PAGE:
We’re bombarded with milestones at every stage of our lives. Society tells us there is a certain path and time for when we go to college, get a job, get married, and have children. Holidays are filled with conversations like “What do you want to do after graduating college?” and “Have you met anyone yet?” Personally, I dread holidays and family get-togethers because I feel like I am constantly defending all of my life choices.
I grew up in a very traditional household with strict parents who just wanted the best for me. Growing up I had two choices: go to college or join the Navy…or both. My siblings and cousins were constantly asked, “What do you want to study in school?” I was always the black sheep and said I wanted to be a lawyer, a pilot, or a teacher…a complete left field career choice in a family who went to the medical field, engineering, and business. Nonetheless, the fact I said I wanted to be a lawyer made all my family members proud. They kept telling me I was going to be so successful in all my future endeavors.
Throughout high school I kept telling myself: college and law school. There is no other path I could take or I would be a failure. I needed to be a lawyer by the time I was twenty-five and become a partner at a law firm. Part of my plan was derailed when I got denied from my dream college: Washington and Lee University. My seventeen-year-old self panicked and thought I would fail at everything else in my life. Denied from my dream college? END OF THE WORLD, RIGHT? I was down to my next choices: George Mason University or James Madison University. I chose GMU thanks to a very special teacher of mine who told me to go to George Mason because it would be perfect for me. Thank you Ms. Lingua-Wheeless!
The next four years of college went according to plan. I was studying government and living the dream working on political campaigns in between semesters. I kept telling myself…don’t forget about law school. By the time I was a senior in college, I was torn…do I go to law school or do I get a master’s degree? I opted for my master’s degree and put law school on hold for a few years. My family members kept asking, “When are you going to law school?” I didn’t have the heart to tell them it just was not my dream anymore. I felt like I was admitting to failure even though I got my actual dream job of working for the federal government.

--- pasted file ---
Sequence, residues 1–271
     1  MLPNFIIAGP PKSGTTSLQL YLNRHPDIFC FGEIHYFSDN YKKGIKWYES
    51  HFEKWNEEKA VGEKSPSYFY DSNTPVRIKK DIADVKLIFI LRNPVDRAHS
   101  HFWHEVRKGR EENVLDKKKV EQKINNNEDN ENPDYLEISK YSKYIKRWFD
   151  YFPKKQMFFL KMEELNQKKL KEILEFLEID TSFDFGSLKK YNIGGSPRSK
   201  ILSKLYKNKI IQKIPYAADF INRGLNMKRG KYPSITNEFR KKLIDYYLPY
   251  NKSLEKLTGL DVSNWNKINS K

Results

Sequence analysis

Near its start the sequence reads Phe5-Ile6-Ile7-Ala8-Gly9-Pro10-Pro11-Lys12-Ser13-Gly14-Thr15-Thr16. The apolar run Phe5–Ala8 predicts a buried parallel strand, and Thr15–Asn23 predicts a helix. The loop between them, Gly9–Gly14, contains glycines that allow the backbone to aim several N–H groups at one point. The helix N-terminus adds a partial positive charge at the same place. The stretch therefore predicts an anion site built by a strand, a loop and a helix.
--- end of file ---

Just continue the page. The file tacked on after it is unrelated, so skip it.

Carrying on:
Once I came to the conclusion that I didn’t want to go to law school, I started focusing on my career. I let go of the expectations and said if law school was really for me, it will come back into the loop one day. I finally felt at peace knowing I had a job I really enjoyed and I was putting my college degrees to use.
The downside of letting go of your expectations is that society loves to reminds us we are on a timeline. Right as I started to feel like I found my place in the world, I was constantly questioned about my personal life. Family and friends kept telling me, “You need to start looking for someone or you’ll end up single and childless for the rest of your life.” That was the least of my worries. My worries consisted of deciding what master’s degree I wanted next, planning a work out schedule, and seeing my friends during the weekends. I am a fully functioning, tax paying, adult that contributes to society but apparently I have to be married with children at a certain age.
REALITY CHECK. That’s NOT what I want at 26. That life works for the majority of the population but it is not my cup of tea. More importantly, what if I NEVER want to settle down to society’s definition of “settling down.” What if I want to be able to date who ever I wanted in different places and have no children? We’re such an “accepting” society but something is only acceptable when it’s agreeable to someone. Milestones hinder us. I just got over thinking I wasn’t a failure for not going to law school and now I’m being told I’m doing my life wrong.
Being single and childless is the life for me right now. I have a job that requires me to travel and move so I’m always on the go. If I could get a promotion by moving to another state or another country, I want the ability to get up and move. I probably sound selfish, but that’s my priority in life. People keep telling me that my priorities will change when I decide to settle down. They always keep telling me “You’ll change your mind about having kids” and “You’re going to regret being so career focused when you’re 50.” I just channel this out and keep doing my own thing.
Forget the expectations and milestones. Live the life YOU want.